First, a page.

Chinatown is home to my very favorite restaurant, Sapporo Ramen & Sushi. I always intend to order something new when we come here, but the ramen is just too delicious for deviation. I highly recommend the Chicken Katsu, Chung Hua and Chiang Pon. No matter which flavor I get, I always order the udon noodles; I just love the texture. And the owner/manager/sushi expert, Sean, is one of the coolest guys you will ever meet.Once, a group walked into the restaurant with a whole fresh fish, handed it off to the staff and waited patiently as Sean worked his magic. He later delivered the artfully carved fish along with an elaborate seafood display complete with sushi, caviar, ground ginger and all sorts of other goodies. Apparently Sean has quite a following among foodies, and other people who really know their stuff about Asian food consistently praise Sean for his knowledge and skill. Tonight I watched him work over a fish with a blow torch. It was mesmerizing. You gotta respect a man who has mad food skills, runs a top-notch restaurant and wears T-shirts from some of the best rock bands in history. Also, he gave us the most delicious melon-flavored ice cream bars the last time we had dinner there. Two other big pluses: Sapporo is BYOB, and the prices are insanely reasonable. The total bill for our party of four was $31. Yeah.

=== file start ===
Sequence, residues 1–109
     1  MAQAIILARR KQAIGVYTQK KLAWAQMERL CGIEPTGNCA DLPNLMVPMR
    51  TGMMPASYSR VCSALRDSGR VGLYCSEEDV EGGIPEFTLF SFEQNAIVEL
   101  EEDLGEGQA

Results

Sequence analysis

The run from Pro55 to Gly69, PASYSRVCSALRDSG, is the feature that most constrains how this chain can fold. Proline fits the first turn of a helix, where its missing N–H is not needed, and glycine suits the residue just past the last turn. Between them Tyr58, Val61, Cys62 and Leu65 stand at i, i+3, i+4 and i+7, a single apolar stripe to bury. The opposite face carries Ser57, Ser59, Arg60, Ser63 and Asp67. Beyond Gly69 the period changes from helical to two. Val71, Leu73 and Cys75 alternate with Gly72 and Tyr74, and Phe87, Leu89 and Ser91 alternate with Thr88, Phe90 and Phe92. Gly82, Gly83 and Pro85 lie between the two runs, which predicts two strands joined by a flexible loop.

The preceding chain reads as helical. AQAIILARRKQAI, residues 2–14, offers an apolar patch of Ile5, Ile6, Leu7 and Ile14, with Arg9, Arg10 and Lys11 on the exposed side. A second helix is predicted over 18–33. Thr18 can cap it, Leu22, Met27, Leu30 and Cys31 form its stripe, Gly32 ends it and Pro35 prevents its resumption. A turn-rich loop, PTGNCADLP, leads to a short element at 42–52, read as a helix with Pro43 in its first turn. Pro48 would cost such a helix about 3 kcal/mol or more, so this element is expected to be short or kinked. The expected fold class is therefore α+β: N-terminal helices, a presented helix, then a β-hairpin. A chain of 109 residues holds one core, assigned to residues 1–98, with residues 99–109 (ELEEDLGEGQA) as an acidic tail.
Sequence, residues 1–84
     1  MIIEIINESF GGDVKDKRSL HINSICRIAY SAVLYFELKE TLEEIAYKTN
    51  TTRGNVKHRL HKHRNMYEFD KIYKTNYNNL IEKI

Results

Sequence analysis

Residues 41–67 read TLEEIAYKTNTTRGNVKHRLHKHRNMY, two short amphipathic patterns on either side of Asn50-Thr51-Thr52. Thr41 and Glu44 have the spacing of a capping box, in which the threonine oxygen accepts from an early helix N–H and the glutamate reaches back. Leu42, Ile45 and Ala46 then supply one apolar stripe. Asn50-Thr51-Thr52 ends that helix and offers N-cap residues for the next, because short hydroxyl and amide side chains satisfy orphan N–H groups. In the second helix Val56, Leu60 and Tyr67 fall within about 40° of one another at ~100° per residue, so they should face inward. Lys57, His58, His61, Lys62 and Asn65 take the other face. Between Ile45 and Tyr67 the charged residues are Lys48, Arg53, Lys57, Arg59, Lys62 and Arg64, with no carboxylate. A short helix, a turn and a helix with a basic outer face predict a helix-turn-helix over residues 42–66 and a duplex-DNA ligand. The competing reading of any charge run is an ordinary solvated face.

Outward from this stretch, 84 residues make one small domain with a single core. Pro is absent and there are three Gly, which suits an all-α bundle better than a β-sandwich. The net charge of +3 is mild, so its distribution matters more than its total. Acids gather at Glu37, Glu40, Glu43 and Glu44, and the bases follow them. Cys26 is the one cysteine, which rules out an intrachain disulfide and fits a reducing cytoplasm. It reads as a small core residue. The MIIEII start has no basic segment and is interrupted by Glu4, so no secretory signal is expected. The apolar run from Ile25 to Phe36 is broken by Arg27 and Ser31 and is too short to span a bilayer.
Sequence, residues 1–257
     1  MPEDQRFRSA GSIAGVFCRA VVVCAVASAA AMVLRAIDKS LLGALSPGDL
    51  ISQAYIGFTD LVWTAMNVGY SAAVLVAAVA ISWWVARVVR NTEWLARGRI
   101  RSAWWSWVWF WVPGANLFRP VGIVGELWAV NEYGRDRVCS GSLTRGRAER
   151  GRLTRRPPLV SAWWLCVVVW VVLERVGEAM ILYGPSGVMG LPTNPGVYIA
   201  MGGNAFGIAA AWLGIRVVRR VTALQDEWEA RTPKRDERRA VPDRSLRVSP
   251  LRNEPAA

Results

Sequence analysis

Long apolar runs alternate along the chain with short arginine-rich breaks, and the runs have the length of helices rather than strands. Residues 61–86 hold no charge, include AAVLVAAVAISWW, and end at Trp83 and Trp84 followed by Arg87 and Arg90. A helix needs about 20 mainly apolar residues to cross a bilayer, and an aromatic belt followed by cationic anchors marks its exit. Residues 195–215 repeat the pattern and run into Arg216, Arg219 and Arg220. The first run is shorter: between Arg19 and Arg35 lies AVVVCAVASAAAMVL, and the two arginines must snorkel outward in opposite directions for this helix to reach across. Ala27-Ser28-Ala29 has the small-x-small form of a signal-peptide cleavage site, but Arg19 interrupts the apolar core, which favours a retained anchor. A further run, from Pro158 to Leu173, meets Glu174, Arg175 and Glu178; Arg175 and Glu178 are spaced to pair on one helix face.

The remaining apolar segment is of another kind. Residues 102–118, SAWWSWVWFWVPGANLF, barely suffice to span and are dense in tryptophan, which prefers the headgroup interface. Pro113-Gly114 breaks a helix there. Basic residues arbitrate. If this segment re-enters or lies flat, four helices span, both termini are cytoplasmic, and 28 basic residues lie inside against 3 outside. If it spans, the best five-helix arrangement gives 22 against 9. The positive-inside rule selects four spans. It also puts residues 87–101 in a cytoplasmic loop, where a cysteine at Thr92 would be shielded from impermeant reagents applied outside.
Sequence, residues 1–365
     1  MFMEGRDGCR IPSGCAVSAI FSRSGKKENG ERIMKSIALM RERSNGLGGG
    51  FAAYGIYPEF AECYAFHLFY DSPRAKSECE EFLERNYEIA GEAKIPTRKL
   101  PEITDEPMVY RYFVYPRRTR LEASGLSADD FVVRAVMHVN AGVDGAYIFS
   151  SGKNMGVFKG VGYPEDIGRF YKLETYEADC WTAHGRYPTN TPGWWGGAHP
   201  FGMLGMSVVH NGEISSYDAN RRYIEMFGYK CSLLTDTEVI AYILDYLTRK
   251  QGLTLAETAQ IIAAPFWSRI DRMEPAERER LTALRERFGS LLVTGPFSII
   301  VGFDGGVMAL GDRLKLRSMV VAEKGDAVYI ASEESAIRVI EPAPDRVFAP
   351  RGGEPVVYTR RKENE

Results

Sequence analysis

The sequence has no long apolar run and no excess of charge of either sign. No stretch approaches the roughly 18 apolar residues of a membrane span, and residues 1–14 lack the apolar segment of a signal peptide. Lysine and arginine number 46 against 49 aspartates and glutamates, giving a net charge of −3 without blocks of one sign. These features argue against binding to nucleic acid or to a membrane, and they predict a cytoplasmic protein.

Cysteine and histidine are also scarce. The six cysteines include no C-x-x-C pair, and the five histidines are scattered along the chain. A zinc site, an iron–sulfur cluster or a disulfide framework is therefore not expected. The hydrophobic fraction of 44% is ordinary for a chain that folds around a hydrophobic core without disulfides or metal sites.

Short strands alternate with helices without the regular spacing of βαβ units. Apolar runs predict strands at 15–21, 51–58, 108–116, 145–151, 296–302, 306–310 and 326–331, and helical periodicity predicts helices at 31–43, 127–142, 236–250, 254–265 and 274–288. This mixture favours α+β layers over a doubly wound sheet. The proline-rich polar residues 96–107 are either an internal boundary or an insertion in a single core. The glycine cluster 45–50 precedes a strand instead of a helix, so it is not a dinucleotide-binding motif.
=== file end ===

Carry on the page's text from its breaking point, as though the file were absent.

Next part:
Another notable restaurant in this area is Jeng Chi, which serves traditional, authentic Chinese fare. Their dumplings are wonderful! They also have a display case near the entrance with tons of tempting pastries. Tonight we stopped in before dinner just to get one of their rolled cakes that looks like a ginormous Swiss cake roll. The cake is so light and fluffy; it’s almost like eating a sweet, creamy memory foam mattress. They come in vanilla, chocolate and coffee. The boys wanted chocolate. I did not protest.